Location Markhatun Church (Fig. 1) is located 1.5-2 km northeast of Mets Tagher village in Hadrut region, in a forested glade expanding at the foots between Lusavorich and Markhatun Mountains. As a result of the war unleashed in 2020, Mets Tagher village is under Azerbaijani occupation. Historical overview No historical evidence of the construction of the church has been preserved. The name Markhatun is etymologized as Mother Khatun, that is Mother Mistress and is probably one of the local names of the Mother of God (Abrahamyan 2009, 33). Architectural-compositional examination It is a single-nave hall with a rectangular plan and a semicircular altar (Fig. 2, dimensions: 8.8 meters long, 5 meters wide, 5.5 meters high), built of local raw stone and lime mortar. It is vaulted inwardly and externally has a gable roof. The vault rests upon a holder created with arches which are attached to the walls. The entrance is from the west, the polished stones of the pillars are destroyed (Fig. 3). Both windows open on the eastern and western sides (Figs. 4, 5). The arch of the altar facing the hall used to be lined with hewn slabs, a small part of which has been preserved (Fig. 6). According to the epigraph, the church was built in 1603 (Barkhutaryants 1895, 57). Two of the khachkars of the church have been preserved, one of which (dimensions: 0.64×0.34 meters) is located inside the church (Fig. 7), the other (Fig. 8) has been moved and placed in Amenaprkich (All-Savior) Church located in the center of Mets Tagher village. In the vicinity of the church, mainly in the eastern and northeastern part, the old cemetery with numerous gravestones has been preserved. The condition before, during and after the war The church was in a deplorable condition. It was not injured during the military operations of the Second Artsakh War, there is no information about the post-war condition.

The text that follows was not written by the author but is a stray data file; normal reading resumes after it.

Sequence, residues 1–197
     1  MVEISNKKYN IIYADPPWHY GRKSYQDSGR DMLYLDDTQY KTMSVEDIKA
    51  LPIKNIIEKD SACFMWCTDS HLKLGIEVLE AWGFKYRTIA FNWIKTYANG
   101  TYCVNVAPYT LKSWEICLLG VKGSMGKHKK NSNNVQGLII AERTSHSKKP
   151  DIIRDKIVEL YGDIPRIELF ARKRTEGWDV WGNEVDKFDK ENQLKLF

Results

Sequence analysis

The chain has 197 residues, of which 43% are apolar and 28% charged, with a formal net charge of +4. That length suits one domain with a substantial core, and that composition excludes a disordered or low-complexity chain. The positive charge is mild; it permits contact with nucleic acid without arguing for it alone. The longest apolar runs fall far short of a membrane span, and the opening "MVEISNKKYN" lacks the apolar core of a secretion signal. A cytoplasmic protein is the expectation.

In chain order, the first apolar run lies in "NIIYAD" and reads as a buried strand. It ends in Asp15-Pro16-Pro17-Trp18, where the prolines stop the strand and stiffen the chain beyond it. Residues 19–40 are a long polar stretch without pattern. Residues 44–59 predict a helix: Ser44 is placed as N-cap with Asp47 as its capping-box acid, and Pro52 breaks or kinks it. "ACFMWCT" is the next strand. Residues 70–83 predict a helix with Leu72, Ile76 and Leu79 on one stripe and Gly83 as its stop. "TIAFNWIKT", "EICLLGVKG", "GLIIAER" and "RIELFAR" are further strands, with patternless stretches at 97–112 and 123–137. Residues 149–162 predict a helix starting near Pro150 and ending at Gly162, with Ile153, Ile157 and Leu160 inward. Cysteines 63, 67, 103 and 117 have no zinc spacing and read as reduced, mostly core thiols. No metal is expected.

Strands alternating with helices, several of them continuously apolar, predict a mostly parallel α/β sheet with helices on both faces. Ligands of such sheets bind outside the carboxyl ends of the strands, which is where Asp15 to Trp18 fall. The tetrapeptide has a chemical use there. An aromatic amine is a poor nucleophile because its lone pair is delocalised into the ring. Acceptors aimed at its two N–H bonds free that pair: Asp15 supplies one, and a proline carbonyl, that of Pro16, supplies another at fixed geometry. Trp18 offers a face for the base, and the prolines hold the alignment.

Location It is located in Hadrut region of the Artsakh Republic, on the top of Toghasar mountain, at the back of Togh village, in the territory of Ktish fortress (Fig. 1). As a result of the 2020 war, Hadrut region is occupied by Azerbaijan. Historical overview Historians Movses Kaghankatvatsi and Tovma Artsruni provide information about Ktish Fortress. They are related with the anti-Arab struggle organized in southern Artsakh in the 9th century, led by the prince of Dizak Yesayi Abu Muse. In 853, the Arab army led by General Bugha besieged Ktish Fortress, where the population of the province was fortified: “․․․ almost nowhere, in the four corners of the world had any king seen such an army with a terrible appearance and armament, with a severe thunder and explosion, with the glitter of its weapons and which at that time the Arab army was armed, adorned and dressed․․․ And when the whole crowd of troops, more than 200.000, gathered in the same place, formed battlefields, shouted at each other to attack the enemy. And behold, Apumuse, who was known as the son of an elder, went to war against them, entered into a contest with them. They became like a big mound of iron or a diamond rock and mingling around, they clung to each other like one man. ․․․The enemy suffered great blows, as the straw is blown from the wind or the smoke from the storm․․․” (Artsruni 1978, 196). This struggle lasted for about a year and in 28 battles Abu Muse won over Bugha. The story of the construction of Tezh Church (Figs. 2, 3) also connects the legend with these events. Enraged by the defeats suffered by the Armenian troops, Bugha orders the destruction of the sanctuaries of Gtchavank at the foot of the fortress. At that time, Prince Yesayi orders his masons to build a new church on the top of the mount, towards Gtchavank, before the eyes of the enemy, within seven days, and since the construction of the sanctuary took place during the hot moments of the battle, it was called Tezh (in Arm.: “hot”) (Mkrtchyan 1985, 91). Architectural-compositional examination The church is a rectangular single-nave hall with a semicircular altar and twin window niches. It is 7.50 meters long, 4.50 meters wide, 3 meters high. It used to be vaulted and with a gable roof. It is built of untooled stone and lime mortar. It has two entrances, which open from the west (Figs. 4, 5) and south (Figs. 6), a small window on the western side (Fig. 7). Inside the church there were five small inscribed khachkars made of white slate with the following inscriptions: “This cross to Nazaz”, “This cross to Mrhapet”, “This cross to Shahum”, “This cross to Ghazar”, “This cross to Yeghia” (Barkhutaryants 1895, 55) which were probably left under the stones after the collapse of the church vault. M․ Barkhudaryan mentions that on the lintel of the southern entrance there is a relief of Holy Mother of God with a Child as well as “an image of a begging cowled archimandrite”, and on the lintel of the western entrance there are “images of two praying monks and a cross” (Barkhutaryants, 1895, 56), but the abovementioned ones are not in situ due to the collapse. Tombstones have been preserved to the east of the church, on one of which M. Barkhudaryan read: “In the year of 1257. This is the grave of archimandrite Movses” (Barkhutaryants 1895, 56). A two-headed eagle and a paw holding it used to be depicted on the gravestone. Summing up these data, it can be considered probable that the original structure of the church was not preserved, the present hall was built on the site in the 13th century, which also underwent changes in the 17th-18th centuries (frames of entrances, eastern window frame, crosses belong to the same period). The condition before, during and after the war The walls of the church have been preserved, the vault (Fig. 8) and the central part of the eastern wall (Fig. 9) have completely collapsed. The church was not damaged during the hostilities of the Second Artsakh War, there is no information about the post-war condition.